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Declining College Enrollment from Traditional-Age Students Will Hit Hard: Are Adult Students the Answer?

The EvoLLLution | Declining College Enrollment from Traditional-Age Students Will Hit Hard: Are Adult Students the Answer?
While demographic shifts spell a tough road ahead for institutions and divisions focused squarely on traditional-age learners, those that serve adult students have a brighter future in store.

In a new book by Nathan Grawe entitled Demographics and the Demand for Higher Education, the author develops a higher education demand index (HEDI) that looks at the slowing growth in the number of traditional-age students graduating from high school. The author’s unique contribution is to factor in how likely a student is to go to college. His method accounts for the growing number of Hispanic students and their lower likelihood for pursuing higher education.

We know how many students will graduate from the nation’s high schools. The puzzle is how many of those students will go on to college. HEDI attempts to help answer that question.

Grim Outlook for Traditional Admission

The outlook is grim for most of higher education. We will have rising demand until 2025 and the numbers beyond will pose major challenges. Across most of the U.S., we are projected to have 450,000 fewer students in the years beyond 2025. This will mean 25,000 fewer faculty positions.

The areas of the country predicted to grow in population (non-urban Texas and the Mountain West) will produce slightly more high school graduates, but these are areas that have small populations. A rate of growth that appears good will yield very disappointing results.

Elite Colleges

Conversely, the picture looks pretty good for elite colleges. As our economy has become increasingly bifurcated, the number of families earning above $125,000 with both parents having a bachelor’s degree has been growing. These are exactly the families who want to send their children to elite colleges. The outlook for elite colleges looks fairly robust in the South and West and generally less bad in the Midwest and Northeast. This expansion for full-pay and elite admissions is happening at the same time as a severe contraction is coming for college admission across the areas of the United States that have traditionally admitted large numbers: the Northeast, the Mid-Atlantic, and the Midwest.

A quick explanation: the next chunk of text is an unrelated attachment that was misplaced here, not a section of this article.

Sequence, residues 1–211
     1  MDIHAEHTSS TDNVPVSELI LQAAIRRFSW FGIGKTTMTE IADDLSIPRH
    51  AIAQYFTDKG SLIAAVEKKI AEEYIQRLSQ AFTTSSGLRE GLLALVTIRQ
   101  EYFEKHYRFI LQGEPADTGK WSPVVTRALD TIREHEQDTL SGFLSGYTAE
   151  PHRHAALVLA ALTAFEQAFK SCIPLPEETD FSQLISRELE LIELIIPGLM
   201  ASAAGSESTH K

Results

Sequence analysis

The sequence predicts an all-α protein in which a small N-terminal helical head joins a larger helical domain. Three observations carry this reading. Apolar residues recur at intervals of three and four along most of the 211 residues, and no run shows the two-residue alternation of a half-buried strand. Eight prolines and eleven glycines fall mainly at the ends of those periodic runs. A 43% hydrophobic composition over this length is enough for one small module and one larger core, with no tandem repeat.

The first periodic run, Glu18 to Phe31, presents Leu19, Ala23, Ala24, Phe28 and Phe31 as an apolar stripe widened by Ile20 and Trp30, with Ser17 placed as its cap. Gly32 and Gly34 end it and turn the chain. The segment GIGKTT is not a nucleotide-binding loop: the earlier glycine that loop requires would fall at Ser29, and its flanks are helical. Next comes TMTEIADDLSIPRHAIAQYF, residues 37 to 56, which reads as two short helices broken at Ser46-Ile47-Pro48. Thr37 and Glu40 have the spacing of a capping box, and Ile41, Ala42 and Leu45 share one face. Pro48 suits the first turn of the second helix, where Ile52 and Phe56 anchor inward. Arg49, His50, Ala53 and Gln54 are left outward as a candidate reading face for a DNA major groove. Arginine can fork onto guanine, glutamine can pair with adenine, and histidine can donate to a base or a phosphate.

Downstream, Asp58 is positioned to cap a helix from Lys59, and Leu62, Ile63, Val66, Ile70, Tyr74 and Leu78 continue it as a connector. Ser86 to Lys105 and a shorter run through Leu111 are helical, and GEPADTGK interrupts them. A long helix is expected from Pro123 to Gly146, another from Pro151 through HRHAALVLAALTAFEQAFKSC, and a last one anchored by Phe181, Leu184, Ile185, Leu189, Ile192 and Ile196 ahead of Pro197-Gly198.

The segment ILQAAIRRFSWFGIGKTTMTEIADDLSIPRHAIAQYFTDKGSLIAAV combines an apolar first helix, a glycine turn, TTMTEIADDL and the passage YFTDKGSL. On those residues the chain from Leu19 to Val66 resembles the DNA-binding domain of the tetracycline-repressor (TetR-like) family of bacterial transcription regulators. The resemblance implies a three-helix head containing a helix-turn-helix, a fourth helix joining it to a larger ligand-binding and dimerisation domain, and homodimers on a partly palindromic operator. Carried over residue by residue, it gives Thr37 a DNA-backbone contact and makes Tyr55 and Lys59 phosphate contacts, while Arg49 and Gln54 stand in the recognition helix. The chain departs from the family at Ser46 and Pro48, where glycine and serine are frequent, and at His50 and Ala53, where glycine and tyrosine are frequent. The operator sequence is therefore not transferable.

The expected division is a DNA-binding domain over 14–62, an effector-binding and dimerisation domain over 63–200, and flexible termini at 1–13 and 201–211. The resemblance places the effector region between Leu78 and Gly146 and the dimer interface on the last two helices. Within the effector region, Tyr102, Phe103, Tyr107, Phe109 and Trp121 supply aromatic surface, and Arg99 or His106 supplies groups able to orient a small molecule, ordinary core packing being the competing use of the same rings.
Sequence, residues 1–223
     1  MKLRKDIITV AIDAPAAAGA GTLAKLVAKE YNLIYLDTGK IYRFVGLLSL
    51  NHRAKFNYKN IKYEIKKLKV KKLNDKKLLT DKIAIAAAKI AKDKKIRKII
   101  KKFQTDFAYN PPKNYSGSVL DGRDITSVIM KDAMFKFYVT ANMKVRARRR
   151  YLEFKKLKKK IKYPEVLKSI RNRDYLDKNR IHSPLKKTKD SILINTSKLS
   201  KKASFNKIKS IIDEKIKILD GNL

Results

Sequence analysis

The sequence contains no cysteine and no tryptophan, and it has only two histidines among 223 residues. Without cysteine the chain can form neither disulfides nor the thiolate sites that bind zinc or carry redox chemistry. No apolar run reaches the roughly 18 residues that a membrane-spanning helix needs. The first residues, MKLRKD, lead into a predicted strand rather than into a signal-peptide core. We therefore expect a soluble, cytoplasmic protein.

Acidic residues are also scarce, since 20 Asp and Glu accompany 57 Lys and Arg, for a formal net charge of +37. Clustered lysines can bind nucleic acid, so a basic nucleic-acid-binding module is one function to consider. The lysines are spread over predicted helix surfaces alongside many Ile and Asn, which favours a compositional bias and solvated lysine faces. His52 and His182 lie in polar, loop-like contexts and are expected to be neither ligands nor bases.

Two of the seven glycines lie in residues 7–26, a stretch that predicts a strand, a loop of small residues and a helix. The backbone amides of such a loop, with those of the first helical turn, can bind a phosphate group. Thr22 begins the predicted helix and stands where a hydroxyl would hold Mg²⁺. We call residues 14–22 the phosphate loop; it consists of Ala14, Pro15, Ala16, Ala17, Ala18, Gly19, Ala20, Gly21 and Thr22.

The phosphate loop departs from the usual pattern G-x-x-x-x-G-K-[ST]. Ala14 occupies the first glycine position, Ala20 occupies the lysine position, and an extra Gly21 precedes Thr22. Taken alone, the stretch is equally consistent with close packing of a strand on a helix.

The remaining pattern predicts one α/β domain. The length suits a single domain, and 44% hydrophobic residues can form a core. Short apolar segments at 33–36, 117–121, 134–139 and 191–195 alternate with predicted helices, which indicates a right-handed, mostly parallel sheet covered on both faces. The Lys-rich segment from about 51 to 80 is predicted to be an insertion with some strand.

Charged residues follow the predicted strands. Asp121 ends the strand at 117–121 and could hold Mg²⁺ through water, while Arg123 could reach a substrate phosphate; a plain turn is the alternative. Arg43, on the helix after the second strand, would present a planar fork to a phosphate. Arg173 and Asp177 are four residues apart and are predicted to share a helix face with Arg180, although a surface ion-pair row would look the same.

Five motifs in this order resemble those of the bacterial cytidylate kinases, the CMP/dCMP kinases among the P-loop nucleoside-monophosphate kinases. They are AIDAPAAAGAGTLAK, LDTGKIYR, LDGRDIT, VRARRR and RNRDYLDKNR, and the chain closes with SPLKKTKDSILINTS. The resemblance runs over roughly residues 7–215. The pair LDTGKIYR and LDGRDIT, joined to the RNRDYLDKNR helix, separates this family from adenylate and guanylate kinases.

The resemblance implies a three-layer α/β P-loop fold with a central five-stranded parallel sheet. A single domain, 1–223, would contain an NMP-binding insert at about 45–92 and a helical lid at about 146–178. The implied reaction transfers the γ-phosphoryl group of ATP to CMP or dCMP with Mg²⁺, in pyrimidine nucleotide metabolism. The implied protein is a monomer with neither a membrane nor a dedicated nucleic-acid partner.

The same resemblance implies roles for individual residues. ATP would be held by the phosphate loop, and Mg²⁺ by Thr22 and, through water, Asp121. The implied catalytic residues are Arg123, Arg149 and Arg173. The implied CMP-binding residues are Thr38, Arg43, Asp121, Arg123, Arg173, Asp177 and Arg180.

Declining Enrollment Among Adult Students, But…

For the last three years, enrollment among adult students nationally has been in decline. The numbers are especially steep for the for-profits and the community colleges, but they are declining in all sectors. This chart presents the enrollment by adults (age 25 and up) for each of the last three fall semesters (2015, 2016, and 2017), according to the National Student Clearinghouse Research Center (2017).

Enrollment for Online Programs Increasing

At the same time, enrollment in online programs nationally has been increasing. While the trends are not uniform across institutions, enrollment in purely on-ground programs has declined. There are 1.3 million fewer students in solely face-to-face programs in 2016 as compared to 2012. In 2016, 673,000 more students enrolled exclusively online compared to 2012, and 580,000 more were enrolled in at least some online courses.

This reflects the development of robust online programs in some non-profit and public 4-year institutions, as well as at some community colleges.